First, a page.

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Spokane, Washington  Est. May 19, 1883
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News >  Spokane

Apple puts spotlight on child welfare


 Spokane City Councilman Bob Apple, left, chats with Daniel Morgan on Wednesday outside Spokane County Juvenile Court.
 (Dan Pelle / The Spokesman-Review)
Spokane City Councilman Bob Apple, left, chats with Daniel Morgan on Wednesday outside Spokane County Juvenile Court. (Dan Pelle / The Spokesman-Review)

Amid the blue herringbone chairs in the waiting room of the county’s juvenile court, it’s not uncommon to hear scathing critiques of the Washington’s child welfare system from disgruntled parents and their families.

But this week, the criticism came from an unusual quarter: Spokane City Councilman Bob Apple.

The outspoken, 51-year-old councilman waded waist-deep into a child welfare case involving a former employee and campaign volunteer, Daniel Morgan, 29.

Throughout several days of hearings, Apple could be heard variously accusing a state social worker of submitting false court documents, stating that an assistant attorney general should be jailed, and repeatedly accusing Child Protective Services of kidnapping a 2-year-old boy.

“It’s a sham,” Apple fumed in the waiting room, surrounded by the Morgans and their relatives. “If this is how the court system operates, then it’s broken.”

A spokeswoman for CPS called Apple’s comments “absolutely ridiculous.”

“None of these decisions are made in isolation,” spokeswoman Kathy Spears said. “There are checks and balances in this system. When we go to court, we have to make the case that a child we are removing is at risk of imminent harm.”

Four years ago, Washington legislators opened the doors to the hearings where the fate of hundreds of allegedly abused or neglected Spokane County children are decided. The vast majority of the cases – on any given day, about 10,000 children are in Washington’s foster care – pass unnoticed.

But the presence of Apple, an outspoken and blunt councilman, shined a light on the Morgans’ two-month legal battle – and into the little-understood machinations of the child-welfare system.

At the center of the dispute are three boys and the familiar tale of a family torn apart by divorce and competing allegations of child abuse and neglect.

The Morgans, who own a car-detailing business, allege that an overzealous CPS social worker relied heavily on the reports of Robin’s ex-husband, Derrick Allen. The 33-year-old is involved in a custody dispute with Robin, with whom he had two older sons.

“We would submit that this is really nothing more than a custody battle,” said attorney Connie Powell, who defended Daniel Morgan against an allegation that he threw his 8-year-old stepson to the ground and kicked the boy in the buttocks.

Late Thursday night, a court commissioner sided with Morgan and his wife, and ordered the state to return their 2-year-old son, who was taken by police April 18.

Social worker Sheila Thorne, a 13-year veteran of the agency, declined to comment.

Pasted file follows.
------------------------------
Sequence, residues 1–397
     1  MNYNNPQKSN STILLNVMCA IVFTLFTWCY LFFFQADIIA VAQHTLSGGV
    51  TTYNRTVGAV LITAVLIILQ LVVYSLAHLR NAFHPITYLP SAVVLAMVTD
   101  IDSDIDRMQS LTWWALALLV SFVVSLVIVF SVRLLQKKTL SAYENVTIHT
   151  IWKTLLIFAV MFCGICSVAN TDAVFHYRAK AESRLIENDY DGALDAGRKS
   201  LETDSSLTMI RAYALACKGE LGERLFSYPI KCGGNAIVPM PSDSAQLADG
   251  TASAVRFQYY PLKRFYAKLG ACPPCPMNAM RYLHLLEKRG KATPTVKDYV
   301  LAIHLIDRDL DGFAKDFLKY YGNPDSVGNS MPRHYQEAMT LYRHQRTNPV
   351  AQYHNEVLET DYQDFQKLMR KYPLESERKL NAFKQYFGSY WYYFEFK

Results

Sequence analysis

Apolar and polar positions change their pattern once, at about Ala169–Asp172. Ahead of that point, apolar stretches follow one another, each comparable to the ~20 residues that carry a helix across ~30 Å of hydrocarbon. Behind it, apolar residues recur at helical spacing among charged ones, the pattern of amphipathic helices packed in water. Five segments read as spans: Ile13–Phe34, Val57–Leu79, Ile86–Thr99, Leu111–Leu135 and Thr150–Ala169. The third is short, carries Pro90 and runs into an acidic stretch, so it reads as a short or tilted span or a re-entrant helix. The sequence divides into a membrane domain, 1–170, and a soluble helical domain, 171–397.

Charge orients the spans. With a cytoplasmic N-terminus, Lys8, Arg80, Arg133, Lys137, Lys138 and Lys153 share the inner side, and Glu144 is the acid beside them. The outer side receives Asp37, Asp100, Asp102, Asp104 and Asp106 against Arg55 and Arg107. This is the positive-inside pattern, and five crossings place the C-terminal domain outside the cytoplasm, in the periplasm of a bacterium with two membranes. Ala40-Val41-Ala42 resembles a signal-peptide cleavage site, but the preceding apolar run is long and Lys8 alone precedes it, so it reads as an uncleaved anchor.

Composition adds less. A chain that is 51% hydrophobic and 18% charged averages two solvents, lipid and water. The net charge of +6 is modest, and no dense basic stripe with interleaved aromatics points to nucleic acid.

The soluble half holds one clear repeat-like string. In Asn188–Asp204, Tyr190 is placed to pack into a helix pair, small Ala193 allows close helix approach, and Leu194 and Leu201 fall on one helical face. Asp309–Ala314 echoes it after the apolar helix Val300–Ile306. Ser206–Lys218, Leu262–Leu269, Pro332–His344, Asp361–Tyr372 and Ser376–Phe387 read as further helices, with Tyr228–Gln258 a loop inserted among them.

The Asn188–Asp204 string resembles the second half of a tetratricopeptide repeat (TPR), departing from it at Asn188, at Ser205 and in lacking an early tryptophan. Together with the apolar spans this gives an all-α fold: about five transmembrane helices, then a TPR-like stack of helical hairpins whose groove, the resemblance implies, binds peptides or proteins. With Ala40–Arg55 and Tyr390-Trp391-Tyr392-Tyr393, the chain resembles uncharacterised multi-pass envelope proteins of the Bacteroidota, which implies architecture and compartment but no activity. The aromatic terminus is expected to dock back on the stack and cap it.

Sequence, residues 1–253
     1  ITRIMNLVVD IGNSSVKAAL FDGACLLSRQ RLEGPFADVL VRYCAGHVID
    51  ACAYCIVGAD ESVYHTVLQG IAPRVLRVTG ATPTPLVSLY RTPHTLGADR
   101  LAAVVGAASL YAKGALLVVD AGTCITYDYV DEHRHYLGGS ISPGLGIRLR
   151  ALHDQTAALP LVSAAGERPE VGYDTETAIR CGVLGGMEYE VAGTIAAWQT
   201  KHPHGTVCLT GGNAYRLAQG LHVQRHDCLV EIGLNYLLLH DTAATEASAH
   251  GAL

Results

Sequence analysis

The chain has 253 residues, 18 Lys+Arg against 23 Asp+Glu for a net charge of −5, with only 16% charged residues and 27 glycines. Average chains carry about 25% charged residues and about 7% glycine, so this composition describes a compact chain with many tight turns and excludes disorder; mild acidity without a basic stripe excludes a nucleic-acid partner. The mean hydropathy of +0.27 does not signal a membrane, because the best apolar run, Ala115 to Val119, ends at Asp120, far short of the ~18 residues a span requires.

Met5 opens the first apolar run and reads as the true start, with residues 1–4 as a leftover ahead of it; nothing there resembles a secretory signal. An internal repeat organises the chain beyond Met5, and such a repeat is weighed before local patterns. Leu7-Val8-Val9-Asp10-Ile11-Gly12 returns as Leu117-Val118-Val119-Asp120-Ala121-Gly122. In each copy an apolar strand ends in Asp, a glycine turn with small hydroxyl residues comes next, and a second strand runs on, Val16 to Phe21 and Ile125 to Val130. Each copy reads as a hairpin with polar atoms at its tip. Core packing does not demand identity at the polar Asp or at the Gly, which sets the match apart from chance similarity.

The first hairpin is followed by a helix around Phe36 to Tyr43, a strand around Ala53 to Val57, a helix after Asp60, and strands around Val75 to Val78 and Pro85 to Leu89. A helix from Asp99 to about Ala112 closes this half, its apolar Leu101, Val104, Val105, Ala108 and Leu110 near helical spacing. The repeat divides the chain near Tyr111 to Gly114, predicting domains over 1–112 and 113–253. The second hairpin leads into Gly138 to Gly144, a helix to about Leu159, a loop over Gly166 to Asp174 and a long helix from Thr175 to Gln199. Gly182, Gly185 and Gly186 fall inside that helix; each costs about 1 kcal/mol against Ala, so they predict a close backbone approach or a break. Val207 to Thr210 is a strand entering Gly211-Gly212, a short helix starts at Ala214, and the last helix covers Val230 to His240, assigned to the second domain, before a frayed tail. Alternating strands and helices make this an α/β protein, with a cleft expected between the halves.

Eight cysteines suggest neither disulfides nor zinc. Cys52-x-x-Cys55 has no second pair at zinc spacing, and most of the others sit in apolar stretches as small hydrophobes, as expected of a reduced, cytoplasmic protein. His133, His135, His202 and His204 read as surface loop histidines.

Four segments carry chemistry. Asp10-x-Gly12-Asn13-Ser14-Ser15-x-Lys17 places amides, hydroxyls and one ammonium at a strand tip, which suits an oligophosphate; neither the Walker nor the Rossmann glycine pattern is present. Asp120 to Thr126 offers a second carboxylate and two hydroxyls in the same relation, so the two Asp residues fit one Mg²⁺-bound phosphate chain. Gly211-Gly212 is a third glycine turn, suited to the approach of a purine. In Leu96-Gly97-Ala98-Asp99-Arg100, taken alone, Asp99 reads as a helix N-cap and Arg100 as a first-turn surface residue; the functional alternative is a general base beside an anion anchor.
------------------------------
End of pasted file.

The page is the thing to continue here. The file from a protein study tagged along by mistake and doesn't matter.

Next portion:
“The department has made more than a reasonable effort to prevent the removal of (the boy) from the family’s home,” said Kim McClain with the state attorney general’s office, which represents CPS in child-welfare cases.

McClain said the two older boys in the home reported that Daniel Morgan had physically abused them. She described the family as “chaotic.”

In April, three days after he made the report to police and social workers, Allen obtained a temporary change of custody to care for his and Robin Morgan’s two biological children. Allen could not be located for comment.

“Unfortunately, in this field, when the custody of children is involved, everyone involved is willing to lie,” said Dave Wood, a lobbyist for Washington Families United, a nonprofit group seeking reforms to the child-welfare system. “You don’t know what the truth is. Something has to change.”

The Morgans maintained the boy suffered injuries to his knee and head during accidents with a toy car and a bike, respectively. According to testimony, the boy told Allen that Daniel Morgan had caused the injuries.

The Morgans said Allen has used the referrals “as payback” and to gain custody of the two children he had with Robin Morgan.

“The injuries have nothing to do with Mr. Morgan,” Apple said. “I’ve known these kids for 15 years. I know Daniel would never beat his kids.”

Since 2002, the state agency has received a “number of referrals related to parental neglect of the children and alleged physical abuse of the children by Mr. Morgan,” according to the court documents. A state spokeswoman said she could not disclose how many of the complaints were made by Allen.

A state ombudsman who reviewed the case recommended that the children be removed from the home, according to court records. The agency said the parents have refused to engage in services, including anger management.

“We make a decision to take a case to court, and the court has an opportunity to review the evidence,” said Spears, the CPS spokeswoman. “I think that is the strength of the child-welfare system: to have different parts looking at what we are doing so that no one agency is making decisions on their own.”

On Friday, Robin Morgan said she had been unable to work for the past two months. Family members helped out at the couple’s car-detailing business.

“I have been running back and forth between attorneys and visitations,” she said. “I just hope that everybody can see that CPS is good, but there are not good CPS workers out there. I’m really happy that my son is home.”

For his part, Apple maintained his support wasn’t motivated by friendship alone.

“I will do it for any citizen who contacts me,” he said.

Staff writer Benjamin Shors can be reached at (509) 459-5484, or by e-mail at benjamins@spokesman.com.

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